Fast, Invisible Hands
Most small “retail” investors, gamely poking around for profit on laptops or iPads in bedrooms and coffee shops, are at least somewhat aware that they operate on a field far removed from the gamesmanship of the big players on Wall Street. They may be surprised to learn, however, that there is a new breed of Wall Street player that puts even the deep benches of a Goldman Sachs or a Morgan Stanley to shame.
High-frequency traders move in and out of short-term positions on equities, sometimes in microseconds, aiming to capture just a fraction of a cent in profit on every trade. The phenomenon, growing since 2009, has been blamed for increased market volatility, including the “flash crash” of May 6, 2010. Some argue that such firms are simply skimming the world’s trading systems and bringing further discredit to the U.S. financial industry.
Flash Boys: A Wall Street Revolt, a new book by Michael Lewis, focuses a strobe light on these lightning-fast traders, arguing that this emerging industry is just more evidence of a rigged marketplace. Supporters of high-frequency trading say its trade-gobbling algorithms actually depress volatility and lower transaction costs for retail investors.
Federal regulators have so far declined to rein in high-frequency trading, but its excesses could be curtailed with the long-sought restoration of a financial transactions tax, a move supported by major economists and even U.S. billionaires. The tax also has a supporter in Rome, Pope Emeritus Benedict XVI. In 2011 he suggested that revenue from transaction taxes could be devoted to responding to global humanitarian and development crises. This could put Wall Street productively to work on the world’s glaring inequities market.
As tensions mount in the Central African Republic, the Obama administration has appointed a special representative to coordinate a U.S. response, and the United Nations agreed on April 10 to dispatch a peacekeeping force to the malfunctioning state.
More than 630,000 people are in flight from the violence that has plagued the country since March 2013, when Seleka rebels briefly seized power. Now 2.2 million, about half the population, are in need of humanitarian aid. Children are dying from hunger and preventable diseases, their desperate parents unable to seek either food or assistance because of insecurity in the streets. Tit-for-tat violence has continued between self-appointed protectors among the nation’s Christians and rebel Muslim fighters.
The proposed U.N. force of 10,000 troops and 2,000 police is not scheduled for deployment until September. Must the defenseless wait four months? African Union and French troops are already patrolling C.A.R. communities. Surely these forces could be beefed up while the U.N. deployment is prepared. The new U.S. special representative must do everything in his power to equip and embolden the forces on the ground right now.
Days after the United Nations approved the September deployment, U.N. officials met to somberly commemorate the 20th anniversary of the Rwanda genocide. The international community did too little, too late to respond to rising tensions in that central African state. To its great shame, the result was genocide. Will the world’s nations meet 20 years hence to mull over the many failures and strategic foot faults that contributed to a similar catastrophe in the Central African Republic? Time is short.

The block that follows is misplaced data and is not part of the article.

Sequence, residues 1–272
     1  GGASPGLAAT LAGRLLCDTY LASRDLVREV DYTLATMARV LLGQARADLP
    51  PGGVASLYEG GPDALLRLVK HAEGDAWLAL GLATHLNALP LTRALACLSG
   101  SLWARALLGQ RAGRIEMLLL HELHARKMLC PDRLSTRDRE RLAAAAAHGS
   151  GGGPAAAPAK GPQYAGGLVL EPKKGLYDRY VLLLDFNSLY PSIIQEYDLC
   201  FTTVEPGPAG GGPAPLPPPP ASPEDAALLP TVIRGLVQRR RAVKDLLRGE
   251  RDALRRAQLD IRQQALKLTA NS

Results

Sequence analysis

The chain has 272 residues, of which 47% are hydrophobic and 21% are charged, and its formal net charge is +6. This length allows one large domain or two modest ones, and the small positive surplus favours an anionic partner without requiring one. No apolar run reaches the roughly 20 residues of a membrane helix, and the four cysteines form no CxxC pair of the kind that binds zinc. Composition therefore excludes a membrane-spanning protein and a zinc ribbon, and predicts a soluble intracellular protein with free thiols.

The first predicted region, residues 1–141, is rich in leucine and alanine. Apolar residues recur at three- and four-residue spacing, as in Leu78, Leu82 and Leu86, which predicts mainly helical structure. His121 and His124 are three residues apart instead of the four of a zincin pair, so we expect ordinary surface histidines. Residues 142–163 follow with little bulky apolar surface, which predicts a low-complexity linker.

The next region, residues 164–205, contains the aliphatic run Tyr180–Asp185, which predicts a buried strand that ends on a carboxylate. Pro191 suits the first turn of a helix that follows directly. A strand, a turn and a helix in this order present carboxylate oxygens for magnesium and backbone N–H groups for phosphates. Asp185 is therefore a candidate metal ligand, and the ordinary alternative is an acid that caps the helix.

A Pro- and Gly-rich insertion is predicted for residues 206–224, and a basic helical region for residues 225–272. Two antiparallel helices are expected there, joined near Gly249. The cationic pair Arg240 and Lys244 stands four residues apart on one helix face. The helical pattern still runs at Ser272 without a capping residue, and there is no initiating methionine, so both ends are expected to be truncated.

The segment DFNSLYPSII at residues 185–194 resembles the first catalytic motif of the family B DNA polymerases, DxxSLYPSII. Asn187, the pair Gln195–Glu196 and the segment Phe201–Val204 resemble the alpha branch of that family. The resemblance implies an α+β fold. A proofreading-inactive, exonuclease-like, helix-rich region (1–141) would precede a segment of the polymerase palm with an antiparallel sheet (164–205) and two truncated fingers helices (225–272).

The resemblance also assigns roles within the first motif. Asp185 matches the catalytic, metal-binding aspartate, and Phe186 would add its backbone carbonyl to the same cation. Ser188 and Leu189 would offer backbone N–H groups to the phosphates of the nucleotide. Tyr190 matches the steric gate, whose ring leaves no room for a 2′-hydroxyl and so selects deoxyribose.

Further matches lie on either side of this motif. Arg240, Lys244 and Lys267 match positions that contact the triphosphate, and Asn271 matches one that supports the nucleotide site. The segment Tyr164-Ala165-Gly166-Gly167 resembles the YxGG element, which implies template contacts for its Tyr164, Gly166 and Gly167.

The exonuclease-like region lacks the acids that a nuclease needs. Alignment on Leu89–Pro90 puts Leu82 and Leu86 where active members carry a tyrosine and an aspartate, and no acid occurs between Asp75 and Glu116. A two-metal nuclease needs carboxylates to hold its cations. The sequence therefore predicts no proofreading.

Read All About It!
When the Pulitzer Prize winners are announced each year, many journalism professors are eager to see whether any of their former students have won. But this year journalism educators had another point of pride. The student papers’ local competitors are now the ailing “real” papers in town. At the University of Michigan, news broke in January that the football team’s senior place-kicker had been “separated” permanently from the university because of a sexual assault in 2009, but the story had been covered up until his football career came to an end last winter. It was the student-run Michigan Daily, not The Ann Arbor News, a chain paper that has cut back to twice a week in print, that broke the story. With a staff of 200 to 250 students and a five-day-a-week publication schedule, the students have stepped in to meet the town’s need for sports and cultural coverage.
According to “Local News, Off College Presses” (The New York Times, 4/14), Michigan is not alone. While roughly 1,800 U.S. colleges and universities sponsor student newspapers, only 1,380 cities have daily papers, and many are shrinking. Journalism programs, rather than withdrawing from the fray, are becoming more professional. Arizona State University produces print, online and broadcast stories syndicated to 30 news outlets in the state. Meanwhile, The Harvard Crimson reported on the university administration’s secret search of the email accounts of 16 resident deans. Within a few years, expect the Pulitzer committee to give a prize to the best college paper for investigating a national scandal.